Episode 132: #NIAW: It Takes a Village: The Importance of Support
It’s National Infertility Awareness Week, and this year, we’ve crafted two episodes that address the age-old truth: it takes a village. Not only does it take a village to raise a child as the saying goes, but it also often takes a village to start or grow a family, especially with an infertility diagnosis. Reproductive endocrinologists, nurses, Patient Care Advocates, managers, and HR leaders all play a crucial role in the journey, but a personal support system – friends, family, or a partner, can be the crux of someone’s village.
Earlier this week, we talked to Cristina Loughrey, a Progyny Member who underwent IVF to conceive a baby girl, and while the journey was trying on Cristina, her partner, Ian, felt the emotional hardships of infertility, too. In today’s episode, Ian details his path to parenthood, from deciding to go through treatment, navigating the Progyny fertility benefit, supporting his partner through IVF, and the emotional burden infertility can have on a couple. Although their journey was difficult, their love and mutual support carried them through a successful pregnancy and healthy birth.
Guest: Ian Armstrong, UX Manager at Dell
Host: Lissa Kline, Progyny
For more information, visit Progyny’s Podcast page and Progyny’s Education page for more resources.
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Here are some highlights from this episode:
03:12 – 04:04
Ian Armstrong: Dell just recently picked up Progyny benefits, which is pretty cool. The whole time we were going through this we were using a different company, although I haven’t seen much competition for what Progyny does. It was certainly a different program and it only afforded maybe a round and a half of IVF. Compared to what Progyny does, it would have been a struggle. A lot of people within the company really fought for better fertility benefits and we got them this year. I’m excited for all my colleagues. Children were always part of my loose plan. By my 30s I was grinding away at work and living in a big city. Cristina and I met after my first marriage, and I just assumed that unless I got together with somebody quite a bit younger than me, kids were just off the table.
Having a Support System
12:04 – 13:07
Cristina Loughrey: It was so important that I had my partner on my journey with me or if you don’t have a partner just having a support person. Just keeping track of what the options are and what to go through is difficult. Finding the right provider, even a trusted provider, is tough but I was happy that one of the first calls I had was with Progyny explaining to me what all the processes were, what it meant and how many times I could try within my benefits. IVF is expensive and it makes sense because there’s so much that goes into it. I had four rounds and a transfer, and those rounds are broken down into stages. If you don’t get eggs to go to blast and that that’s one thing and there’s so much to it. It’s worth reading about or talking to Progyny or providers. That’s a big deal, to be able to talk to someone.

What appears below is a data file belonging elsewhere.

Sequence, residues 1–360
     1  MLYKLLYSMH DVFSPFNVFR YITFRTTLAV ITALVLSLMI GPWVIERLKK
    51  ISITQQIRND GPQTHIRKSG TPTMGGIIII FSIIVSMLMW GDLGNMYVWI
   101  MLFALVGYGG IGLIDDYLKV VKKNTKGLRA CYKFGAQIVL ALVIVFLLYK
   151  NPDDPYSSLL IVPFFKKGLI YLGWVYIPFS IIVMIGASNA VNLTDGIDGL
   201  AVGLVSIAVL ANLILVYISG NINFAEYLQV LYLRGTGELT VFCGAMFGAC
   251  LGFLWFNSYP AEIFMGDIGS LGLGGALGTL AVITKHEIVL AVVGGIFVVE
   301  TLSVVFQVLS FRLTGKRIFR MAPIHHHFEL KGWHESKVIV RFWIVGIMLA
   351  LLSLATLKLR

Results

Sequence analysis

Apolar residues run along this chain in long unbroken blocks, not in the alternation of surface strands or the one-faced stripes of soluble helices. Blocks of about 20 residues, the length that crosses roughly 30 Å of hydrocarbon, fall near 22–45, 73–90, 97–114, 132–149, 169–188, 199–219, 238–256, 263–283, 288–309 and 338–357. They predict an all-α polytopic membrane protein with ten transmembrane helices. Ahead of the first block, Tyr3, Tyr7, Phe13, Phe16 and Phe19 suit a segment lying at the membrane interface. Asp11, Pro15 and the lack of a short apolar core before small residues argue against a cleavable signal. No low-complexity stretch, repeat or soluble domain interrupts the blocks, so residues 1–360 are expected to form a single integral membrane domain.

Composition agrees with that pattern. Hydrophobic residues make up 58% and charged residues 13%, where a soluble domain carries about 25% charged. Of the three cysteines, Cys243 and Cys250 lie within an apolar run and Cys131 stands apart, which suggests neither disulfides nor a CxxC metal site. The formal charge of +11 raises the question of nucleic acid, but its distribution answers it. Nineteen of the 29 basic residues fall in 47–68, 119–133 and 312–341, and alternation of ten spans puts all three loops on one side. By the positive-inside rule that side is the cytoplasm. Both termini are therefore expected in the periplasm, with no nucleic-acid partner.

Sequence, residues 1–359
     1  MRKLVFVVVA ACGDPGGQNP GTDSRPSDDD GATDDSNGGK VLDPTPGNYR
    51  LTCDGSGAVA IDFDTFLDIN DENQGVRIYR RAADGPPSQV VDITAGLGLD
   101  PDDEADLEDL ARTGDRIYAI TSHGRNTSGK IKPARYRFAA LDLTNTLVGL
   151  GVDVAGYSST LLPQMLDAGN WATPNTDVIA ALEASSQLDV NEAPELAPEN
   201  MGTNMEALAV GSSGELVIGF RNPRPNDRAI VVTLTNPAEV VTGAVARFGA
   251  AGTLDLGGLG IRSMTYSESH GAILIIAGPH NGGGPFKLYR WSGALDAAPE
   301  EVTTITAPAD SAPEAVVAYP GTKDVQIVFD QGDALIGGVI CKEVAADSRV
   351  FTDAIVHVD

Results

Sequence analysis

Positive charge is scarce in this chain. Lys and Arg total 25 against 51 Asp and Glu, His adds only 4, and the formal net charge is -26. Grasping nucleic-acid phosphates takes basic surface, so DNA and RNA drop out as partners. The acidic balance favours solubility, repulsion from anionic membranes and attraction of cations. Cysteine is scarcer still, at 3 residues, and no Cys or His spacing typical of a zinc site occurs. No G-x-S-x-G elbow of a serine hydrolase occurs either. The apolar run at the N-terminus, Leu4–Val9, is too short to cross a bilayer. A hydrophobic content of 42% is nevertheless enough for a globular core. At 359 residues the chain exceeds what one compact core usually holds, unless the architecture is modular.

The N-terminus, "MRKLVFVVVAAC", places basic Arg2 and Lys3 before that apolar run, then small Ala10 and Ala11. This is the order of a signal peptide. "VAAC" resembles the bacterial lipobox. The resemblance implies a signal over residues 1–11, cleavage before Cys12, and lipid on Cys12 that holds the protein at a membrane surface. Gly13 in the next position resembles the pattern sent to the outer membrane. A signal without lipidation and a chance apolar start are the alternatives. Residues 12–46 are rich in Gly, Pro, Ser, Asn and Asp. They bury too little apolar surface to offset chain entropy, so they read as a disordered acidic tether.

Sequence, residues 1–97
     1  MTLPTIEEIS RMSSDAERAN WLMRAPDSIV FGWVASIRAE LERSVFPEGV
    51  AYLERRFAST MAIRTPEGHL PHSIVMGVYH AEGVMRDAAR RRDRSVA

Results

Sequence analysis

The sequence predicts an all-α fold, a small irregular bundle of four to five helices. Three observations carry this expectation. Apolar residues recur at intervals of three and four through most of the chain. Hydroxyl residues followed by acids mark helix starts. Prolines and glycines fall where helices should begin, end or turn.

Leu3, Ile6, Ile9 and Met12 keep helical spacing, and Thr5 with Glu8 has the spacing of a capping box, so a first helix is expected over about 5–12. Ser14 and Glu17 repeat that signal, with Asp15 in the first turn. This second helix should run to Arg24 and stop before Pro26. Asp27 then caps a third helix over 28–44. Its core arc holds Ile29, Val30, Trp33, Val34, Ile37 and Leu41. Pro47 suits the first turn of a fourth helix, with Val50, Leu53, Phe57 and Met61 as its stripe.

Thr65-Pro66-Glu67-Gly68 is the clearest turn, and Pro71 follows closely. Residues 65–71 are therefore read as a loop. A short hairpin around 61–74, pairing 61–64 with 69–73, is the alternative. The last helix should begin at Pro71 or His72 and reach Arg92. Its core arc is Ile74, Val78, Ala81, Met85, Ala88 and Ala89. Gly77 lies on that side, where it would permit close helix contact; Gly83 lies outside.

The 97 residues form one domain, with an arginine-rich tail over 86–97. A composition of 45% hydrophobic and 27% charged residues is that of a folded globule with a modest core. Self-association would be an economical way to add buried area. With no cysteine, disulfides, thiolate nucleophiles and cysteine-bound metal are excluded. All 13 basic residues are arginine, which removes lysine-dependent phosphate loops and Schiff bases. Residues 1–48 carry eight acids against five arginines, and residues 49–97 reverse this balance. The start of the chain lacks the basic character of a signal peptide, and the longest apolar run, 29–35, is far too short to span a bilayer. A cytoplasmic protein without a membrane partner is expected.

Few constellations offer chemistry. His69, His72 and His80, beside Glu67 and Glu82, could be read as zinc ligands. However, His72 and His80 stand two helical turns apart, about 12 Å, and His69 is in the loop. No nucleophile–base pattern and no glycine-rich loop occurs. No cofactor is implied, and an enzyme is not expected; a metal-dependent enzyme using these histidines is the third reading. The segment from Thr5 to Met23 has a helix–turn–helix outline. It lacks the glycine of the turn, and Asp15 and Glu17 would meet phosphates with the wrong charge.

The Struggles Begin
14:57 – 16:25
Ian Armstrong: They tell you there’s no weight gain if you talk to the manufacturers of the drugs, but when you put them all together, there’s a lot of it. She slowly put on weight and was heavier than she’s ever been in her life despite doing regular exercise and watching her diet. She’s worried about whether she can conceive, giving herself shots every day, but my only job was to manage the medication on time, set the alarms and then be done. Then I froze all of it so you might imagine there was a bit of stress around that on my part, and not hers. Thankfully, Progyny swooped in with a cape and dropped us all a bunch of new medication. They kind of brought us back from the brink of tragedy there. We finished a round and at the end of that round, I was putting together the trigger shot. I’d loaded up a double dose and I said that’s okay, I can just give her half of this. I put all the medication in the trigger shot and then I went to apply the trigger, which had to happen at exactly one o’clock in the morning for us. As I went to push the trigger, the end on the needle cap hadn’t screwed in so the entire trigger shot, both doses went all over the kitchen floor.
Lissa oversees the Patient Care Advocates and the Provider Relations Team. She worked at Columbia University Medical Center for several years in the division of Reproductive Endocrinology and Infertility. Involved in Patient Services and the Donor Egg Program, she loved working with patients while they underwent fertility treatment. Lissa graduated with a Master of Science in Social Work from Columbia University.
Ian Armstrong is a UX Designer and process evangelist based in San Francisco, California. He is currently a Principal at Dell Technologies within the Digital Marketing organization, as well as an author with UX Planet.
Music From This Episode:
Artist: Lee Rosevere
Artist: Brylie Christopher Oxley
Track: Heavenly Motion
Artist: Philipp Weigl
Track: Western Shores
Track: No-End Ave